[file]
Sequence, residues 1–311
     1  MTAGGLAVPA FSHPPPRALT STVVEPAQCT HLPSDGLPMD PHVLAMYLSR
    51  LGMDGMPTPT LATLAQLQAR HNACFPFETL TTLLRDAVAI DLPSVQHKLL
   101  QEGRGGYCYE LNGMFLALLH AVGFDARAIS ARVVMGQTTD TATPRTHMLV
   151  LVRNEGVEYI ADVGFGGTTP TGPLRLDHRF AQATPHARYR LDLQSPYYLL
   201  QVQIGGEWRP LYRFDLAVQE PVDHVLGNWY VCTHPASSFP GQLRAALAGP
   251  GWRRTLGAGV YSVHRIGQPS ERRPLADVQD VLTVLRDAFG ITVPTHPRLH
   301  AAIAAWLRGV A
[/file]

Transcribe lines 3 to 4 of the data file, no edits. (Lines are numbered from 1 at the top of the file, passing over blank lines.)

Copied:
    51  LGMDGMPTPT LATLAQLQAR HNACFPFETL TTLLRDAVAI DLPSVQHKLL
   101  QEGRGGYCYE LNGMFLALLH AVGFDARAIS ARVVMGQTTD TATPRTHMLV